Twitter is, if you think about it, the perfect company for the Internet Age. It provides a service no one actually needs, makes what was once private very public, and inflicts an arbitrary constriction on that service for no good reason whatsoever. And because of these deficiencies, it has eleventy billion users and gazillions of dollars – and when you add Vine to the mix, you can probably increase that amount by a couple of kazillion. On the other hand, we provide a service everyone needs, provide it with wry humor and intelligence, and we have eleven dollars (and some interesting stones) in our pocket and a handful of readers. And so it goes.
Vine: Visual Twitter
This is what makes Vine absolutely perfect for Twitter. Vine is, if you recall, the company that Twitter bought before their product had even launched. There’s a lot of hype around Vine; an easy guide to the articles to avoid reading would be any that describe it as “revolutionary” or “paradigm-shifting” or anything silly like that. Vine is basically an App that creates animated GIFs, so it’s using a technology that’s 25 years old and has been deprecated for 23 of those years.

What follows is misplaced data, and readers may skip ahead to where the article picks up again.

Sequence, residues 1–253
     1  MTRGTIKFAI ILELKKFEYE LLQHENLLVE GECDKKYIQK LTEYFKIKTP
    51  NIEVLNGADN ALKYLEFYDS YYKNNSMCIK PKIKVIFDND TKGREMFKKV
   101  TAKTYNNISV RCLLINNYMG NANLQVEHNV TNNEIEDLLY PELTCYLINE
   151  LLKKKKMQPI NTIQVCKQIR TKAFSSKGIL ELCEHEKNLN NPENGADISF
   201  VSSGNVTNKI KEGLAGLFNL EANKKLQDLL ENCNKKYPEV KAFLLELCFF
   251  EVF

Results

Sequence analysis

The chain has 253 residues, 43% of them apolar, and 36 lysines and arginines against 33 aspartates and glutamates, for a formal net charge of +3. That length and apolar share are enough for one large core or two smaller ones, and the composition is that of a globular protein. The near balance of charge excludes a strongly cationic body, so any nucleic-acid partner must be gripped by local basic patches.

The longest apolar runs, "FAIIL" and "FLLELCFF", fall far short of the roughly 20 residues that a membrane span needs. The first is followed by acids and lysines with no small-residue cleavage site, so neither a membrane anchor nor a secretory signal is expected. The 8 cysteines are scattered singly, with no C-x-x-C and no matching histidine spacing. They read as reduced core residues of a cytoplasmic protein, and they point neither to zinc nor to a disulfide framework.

But the Rise of the Animated GIF is why Vine is perfect for Twitter. First of all, it’s constrained, just like Twitter: Instead of 140 characters, you’re confined to six seconds of video. Six seconds is essentially useless for any sort of coherent storytelling (although the fine folks at 5secondfilms.com might argue that point), but it is enough to create humorous or disturbing images that will loop endlessly until you are driven mad and burn down your house. Just like everything else on Twitter.
Just as Twitter took the text message, limited it and made it public, Vine takes the animated GIF, limits it, and makes it public.
Vine: More Fun than a Bag of Monkeys
The genius of Vine, though, is that it’s a lot of fun. Is this an App you can’t live without? Of course not. But it’s an App that instantly sucks you in, because the bar for amusing when it comes to six seconds of stop motion animation is so damn low, literally anything you come up with will work.
Vine is simple to use: You point the camera at something, touch the screen, and Vine starts recording. Lift your finger, and it stops.
So you can either shoot live action for second seconds, or shoot something for a second or even less, adjust it, then shoot it again. Thus you can create seamless animations in about one minute, instantly upload them to your Twitter feed, and sit back and soak in the LOLs and the retweets.
Part of what makes Twitter and Vine work is that they provide a level playing field. Everyone’s tweets are the same length, everyone’s Vines are the same duration. All that differentiates your thoughts from everyone else’s is their quality and brilliance. Twitter and Vine are like a very public scratch pad – you have an idea, you instantly toss it out there to the masses, you instantly get feedback. Your bad ideas are quickly forgotten, buried by your Twitter Stream, your great ideas get retweeted and favorited endlessly. That’s the Internet in a nutshell, and that’s why Vine is brilliant.